Electric generation capacity losses as a result of U.S. nuclear plant outages were relatively low during much of the 2018 summer, averaging 2.8 gigawatts (GW) from June through August. This year’s seasonal maintenance and refueling cycle began earlier than in recent years, and total nuclear outages averaged 14.5 GW in the last week of September. The earlier-than-expected retirement of the Oyster Creek Generating Station and a temporary plant shutdown related to Hurricane Florence also increased outages in September.
Nuclear capacity outages are typically lowest during the summer and winter months when electricity consumption is high to meet increased cooling and heating demand. Nuclear power plant outages can be either scheduled or unscheduled, and they can range from a partial outage, where only some of a plant’s capacity is offline, to a full outage, where the entire plant is shut down.
A scheduled shutdown of a nuclear power plant is generally timed to coincide with the plant’s refueling cycle. Nuclear power plants typically refuel every 18 to 24 months, often during the fall and spring when electricity demand is lower. During a refueling outage, plants typically optimize downtime by scheduling facility upgrades, repairs, and other maintenance work to be completed while the reactor is offline.
During the past six years, average refueling outages have become shorter, decreasing from an average of 46 days in 2012 to 34 days in 2018. The decrease in refueling outage times is a result of greater operator experience in regulated markets and competition from other generators in unregulated or wholesale electricity markets.
During a refueling outage, the reactor is entirely shut down and produces no electricity and, therefore, no revenue. Plant operators try to minimize lost revenues and non-operating costs by bringing reactors back online as quickly as possible. In 2017, six U.S. reactors had refueling outage times of less than 20 days: Peach Bottom Unit-3 (15 days), Vogtle Unit-1 (16 days), Nine Mile Point (17 days), Quad Cities (18 days), Dresden (18 days), and Three Mile Island Unit-1 (19 days).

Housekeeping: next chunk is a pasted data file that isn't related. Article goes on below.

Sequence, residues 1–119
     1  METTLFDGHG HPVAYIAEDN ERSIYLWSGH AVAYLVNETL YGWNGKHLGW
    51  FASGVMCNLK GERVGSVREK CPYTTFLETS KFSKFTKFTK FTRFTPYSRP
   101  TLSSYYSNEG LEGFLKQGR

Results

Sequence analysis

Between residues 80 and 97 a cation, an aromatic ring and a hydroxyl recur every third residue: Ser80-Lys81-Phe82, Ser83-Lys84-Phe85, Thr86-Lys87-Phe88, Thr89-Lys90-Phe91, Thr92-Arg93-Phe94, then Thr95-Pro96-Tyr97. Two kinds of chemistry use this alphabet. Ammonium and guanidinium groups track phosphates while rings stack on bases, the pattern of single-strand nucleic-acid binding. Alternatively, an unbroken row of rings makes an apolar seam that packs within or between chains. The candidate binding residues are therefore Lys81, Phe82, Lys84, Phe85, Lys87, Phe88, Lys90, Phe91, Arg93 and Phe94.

An unscheduled, or forced, shut down of a nuclear power reactor can result from equipment failure, operational error, or environmental conditions. Most unplanned outages occur because of non-reactor core issues—including external plant conditions, such as severe weather, or non-nuclear internal plant conditions, such as those involving steam turbine and electricity generation sub-systems.
Three unscheduled outages in Tennessee, Arkansas, and Arizona affected the available summer capacity in 2018. Tennessee’s Watts Bar Unit-2, the newest U.S. nuclear power plant, automatically shut down for six days after a main turbine and generator tripped on June 22. Arkansas Nuclear One Unit-1 shut down from June 23–26 to repair a leakage in the reactor coolant system. The Palo Verde Nuclear Generating Station Unit-3, located 45 miles west of Phoenix, Arizona, automatically shut down for three days beginning June 27 because of low steam generator water levels.
Hurricane Florence caused a nine-day unscheduled outage at the Brunswick Nuclear Plant near Wilmington, North Carolina, in mid-September. The 1,870 megawatt (MW) facility is located about four miles from the Atlantic coast and was safely shut down by plant operators before hurricane force winds and flood waters reached the site.
Also in mid-September, the 625 MW Oyster Creek Nuclear Generating Plant in Forked River, New Jersey, permanently shut down. The plant was previously expected to retire on December 31, 2019, but the timeline was accelerated by more than a year to coincide with the end of the plant’s final fuel and maintenance cycle. The retirement of the plant is considered an unscheduled shutdown in EIA data until the Nuclear Regulatory Commission amends its outage data to reflect the closure.
Total unscheduled outages as a result of these plant shutdowns decreased from 85 in 2015, to 78 in 2016 to 55 in 2017, and to 37 so far in 2018. These outages can fluctuate year to year based on plant technical issues and external circumstances.
Outages are expected to continue increasing this year as nuclear plants enter the fall refueling and maintenance season. More information on the daily operation of U.S. nuclear power plants is available on EIA’s Status of Nuclear Outages webpage, which is based on data collected by the U.S. Nuclear Regulatory Commission.
Principal contributor: Slade Johnson